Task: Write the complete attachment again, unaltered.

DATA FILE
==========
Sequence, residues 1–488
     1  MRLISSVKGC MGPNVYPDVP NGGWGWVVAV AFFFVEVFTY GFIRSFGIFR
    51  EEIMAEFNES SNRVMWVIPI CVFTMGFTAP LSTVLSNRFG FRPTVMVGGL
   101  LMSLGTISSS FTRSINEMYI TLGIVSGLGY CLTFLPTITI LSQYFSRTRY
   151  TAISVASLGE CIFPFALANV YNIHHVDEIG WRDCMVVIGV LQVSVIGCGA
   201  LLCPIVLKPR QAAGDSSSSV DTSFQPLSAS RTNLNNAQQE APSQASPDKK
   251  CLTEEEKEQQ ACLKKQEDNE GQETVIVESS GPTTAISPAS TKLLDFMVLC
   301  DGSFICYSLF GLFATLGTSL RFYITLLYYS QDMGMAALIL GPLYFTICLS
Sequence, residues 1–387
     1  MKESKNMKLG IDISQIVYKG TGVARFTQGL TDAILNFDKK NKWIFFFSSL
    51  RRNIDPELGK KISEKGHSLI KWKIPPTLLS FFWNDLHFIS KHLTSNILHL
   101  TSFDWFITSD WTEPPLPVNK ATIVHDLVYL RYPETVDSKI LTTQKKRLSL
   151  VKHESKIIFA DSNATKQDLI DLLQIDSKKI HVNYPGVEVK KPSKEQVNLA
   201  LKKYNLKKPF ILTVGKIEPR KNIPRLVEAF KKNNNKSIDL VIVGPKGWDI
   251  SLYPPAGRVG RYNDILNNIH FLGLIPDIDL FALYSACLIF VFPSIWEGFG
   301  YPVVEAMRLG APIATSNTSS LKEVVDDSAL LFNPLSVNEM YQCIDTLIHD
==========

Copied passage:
Sequence, residues 1–488
     1  MRLISSVKGC MGPNVYPDVP NGGWGWVVAV AFFFVEVFTY GFIRSFGIFR
    51  EEIMAEFNES SNRVMWVIPI CVFTMGFTAP LSTVLSNRFG FRPTVMVGGL
   101  LMSLGTISSS FTRSINEMYI TLGIVSGLGY CLTFLPTITI LSQYFSRTRY
   151  TAISVASLGE CIFPFALANV YNIHHVDEIG WRDCMVVIGV LQVSVIGCGA
   201  LLCPIVLKPR QAAGDSSSSV DTSFQPLSAS RTNLNNAQQE APSQASPDKK
   251  CLTEEEKEQQ ACLKKQEDNE GQETVIVESS GPTTAISPAS TKLLDFMVLC
   301  DGSFICYSLF GLFATLGTSL RFYITLLYYS QDMGMAALIL GPLYFTICLS
Sequence, residues 1–387
     1  MKESKNMKLG IDISQIVYKG TGVARFTQGL TDAILNFDKK NKWIFFFSSL
    51  RRNIDPELGK KISEKGHSLI KWKIPPTLLS FFWNDLHFIS KHLTSNILHL
   101  TSFDWFITSD WTEPPLPVNK ATIVHDLVYL RYPETVDSKI LTTQKKRLSL
   151  VKHESKIIFA DSNATKQDLI DLLQIDSKKI HVNYPGVEVK KPSKEQVNLA
   201  LKKYNLKKPF ILTVGKIEPR KNIPRLVEAF KKNNNKSIDL VIVGPKGWDI
   251  SLYPPAGRVG RYNDILNNIH FLGLIPDIDL FALYSACLIF VFPSIWEGFG
   301  YPVVEAMRLG APIATSNTSS LKEVVDDSAL LFNPLSVNEM YQCIDTLIHD